Writes Chris Babcock in Savannah: "In the NFL a first down is awarded whenever an offensive team moves the ball past the line-to-gain. When the Dolphins ran the ball back to the two the line-to-gain was established at the goal line. When they scored they received six points and a first down."

In "Serving Up Wins," Simmons wrote: "Bookies and casinos hate losing -- obviously -- so their job is to keep adjusting the lines to attract an equal amount of action on both sides so they don't get killed."

Writes Chris Inra: "You're only half right. Bookies hate losing, but they don't make lines to attract an equal amount of money on each side. Steven Levitt, a famous economist, found that bookies maximize their profits by exploiting biases in gamblers' habits. While they expose themselves to some risk by doing this, they stand to gain much more than if they encouraged equal amounts of money placed on both sides. Here's the abstract of his study.

In "Hunkering Down in the Mailroom", Simmons wrote "See, the Celtics won't hire cheerleaders because they're afraid Red Auerbach will have a heart attack."

From Matt Sullivan: "This is wrong. They do have cheerleaders this year: The Green Team. In fact not just the hot dancers that all other teams have, but a full co-ed squad of cheerleaders, complete with the college-like uniforms. The do little routines; dance, cheer, and the 85 lb., 12-year-old-looking girls get tossed in the air and throw t-shirts. Somehow this evaded Red's stance on the subject, because they're more like the annoying marketing/mascot people than the blatant sex-driven performers that the Lakers have ... I was talking about the Laker Girls, not Kobe."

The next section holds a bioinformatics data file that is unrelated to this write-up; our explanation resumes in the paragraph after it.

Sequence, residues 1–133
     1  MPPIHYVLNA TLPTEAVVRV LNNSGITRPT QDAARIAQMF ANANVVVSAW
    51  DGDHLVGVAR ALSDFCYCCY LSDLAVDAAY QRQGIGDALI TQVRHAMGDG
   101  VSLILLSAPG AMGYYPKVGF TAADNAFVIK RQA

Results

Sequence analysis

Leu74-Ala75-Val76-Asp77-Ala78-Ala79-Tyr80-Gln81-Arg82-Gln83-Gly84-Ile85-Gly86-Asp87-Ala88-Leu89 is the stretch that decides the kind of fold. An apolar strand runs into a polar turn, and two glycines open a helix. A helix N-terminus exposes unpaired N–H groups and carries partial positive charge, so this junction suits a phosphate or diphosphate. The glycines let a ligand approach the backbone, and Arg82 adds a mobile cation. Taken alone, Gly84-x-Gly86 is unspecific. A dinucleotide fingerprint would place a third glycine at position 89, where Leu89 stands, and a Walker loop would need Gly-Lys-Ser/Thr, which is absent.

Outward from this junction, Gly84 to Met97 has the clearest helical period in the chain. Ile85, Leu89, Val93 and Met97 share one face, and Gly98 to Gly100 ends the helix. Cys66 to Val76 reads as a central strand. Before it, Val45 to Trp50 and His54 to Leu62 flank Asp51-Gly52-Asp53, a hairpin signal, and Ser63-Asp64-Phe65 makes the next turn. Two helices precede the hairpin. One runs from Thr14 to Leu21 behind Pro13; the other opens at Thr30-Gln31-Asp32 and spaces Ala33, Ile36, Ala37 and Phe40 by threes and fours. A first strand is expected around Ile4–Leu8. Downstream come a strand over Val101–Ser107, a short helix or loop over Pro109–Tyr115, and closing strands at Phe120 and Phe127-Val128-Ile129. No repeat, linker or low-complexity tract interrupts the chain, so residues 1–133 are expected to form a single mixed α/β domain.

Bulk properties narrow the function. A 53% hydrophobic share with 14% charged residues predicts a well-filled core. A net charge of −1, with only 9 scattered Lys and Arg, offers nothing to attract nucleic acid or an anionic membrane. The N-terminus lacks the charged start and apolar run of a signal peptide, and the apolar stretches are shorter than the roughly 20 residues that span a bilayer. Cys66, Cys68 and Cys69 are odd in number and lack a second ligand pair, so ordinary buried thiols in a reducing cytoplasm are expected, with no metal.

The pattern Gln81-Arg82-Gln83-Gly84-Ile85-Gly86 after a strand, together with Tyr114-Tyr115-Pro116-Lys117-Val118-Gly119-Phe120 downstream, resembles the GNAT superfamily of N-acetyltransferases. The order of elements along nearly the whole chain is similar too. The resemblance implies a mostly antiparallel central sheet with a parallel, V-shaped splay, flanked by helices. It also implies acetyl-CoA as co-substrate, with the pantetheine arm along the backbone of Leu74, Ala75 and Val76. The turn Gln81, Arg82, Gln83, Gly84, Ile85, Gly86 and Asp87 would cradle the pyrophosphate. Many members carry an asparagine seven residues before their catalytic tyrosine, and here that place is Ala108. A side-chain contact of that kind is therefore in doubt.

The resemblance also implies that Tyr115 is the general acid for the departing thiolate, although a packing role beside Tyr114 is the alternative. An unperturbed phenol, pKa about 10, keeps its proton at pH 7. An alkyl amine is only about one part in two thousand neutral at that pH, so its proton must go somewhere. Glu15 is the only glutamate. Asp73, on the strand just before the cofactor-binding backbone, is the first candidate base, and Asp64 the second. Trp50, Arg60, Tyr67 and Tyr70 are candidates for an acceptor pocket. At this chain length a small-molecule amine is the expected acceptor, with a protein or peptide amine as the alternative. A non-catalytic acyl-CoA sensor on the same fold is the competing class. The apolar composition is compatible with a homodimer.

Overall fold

In "1-800-DIVORCE," Simmons wrote: "Remember that Week 1 game in Buffalo when the Jags completed that crazy fourth-and-long to Jimmy Smith, followed by the 6-yard Hail Mary to the eighth-string tight end? Did you ever think the sixth AFC playoff spot would be decided by that sequence? Me neither. Then again, I love this Jags team; Bledsoe would have killed the Bills in January. This worked out for the best."

Writes Matthew Kirkpatrick: "That pass actually went to Ernest Wilford, rookie wide receiver. I know Wilford looks like a TE and runs like a TE, but he's definitely not a TE. As was the case with The Great Kurt Warner Resurgence at the beginning of the year, things are not always as they appear."

In "Emptying out the holiday mailbag," Simmons wrote: "Any 'Million Dollar Baby' ad should have come with this tag: 'WARNING: CLINT EASTWOOD CRIES.' I know actors have to make that leap at some point, but this was 50 times worse than Stallone breaking down in 'Rocky 3' and 200 times worse than finding out about Mike Ditka's erectile dysfunction."

Writes Keith Kincaid: "Didn't Clint Eastwood already cry in 'The Bridges of Madison County'? Someone told me that he cried, so I refused to ever watch the movie, but you might want to check it out."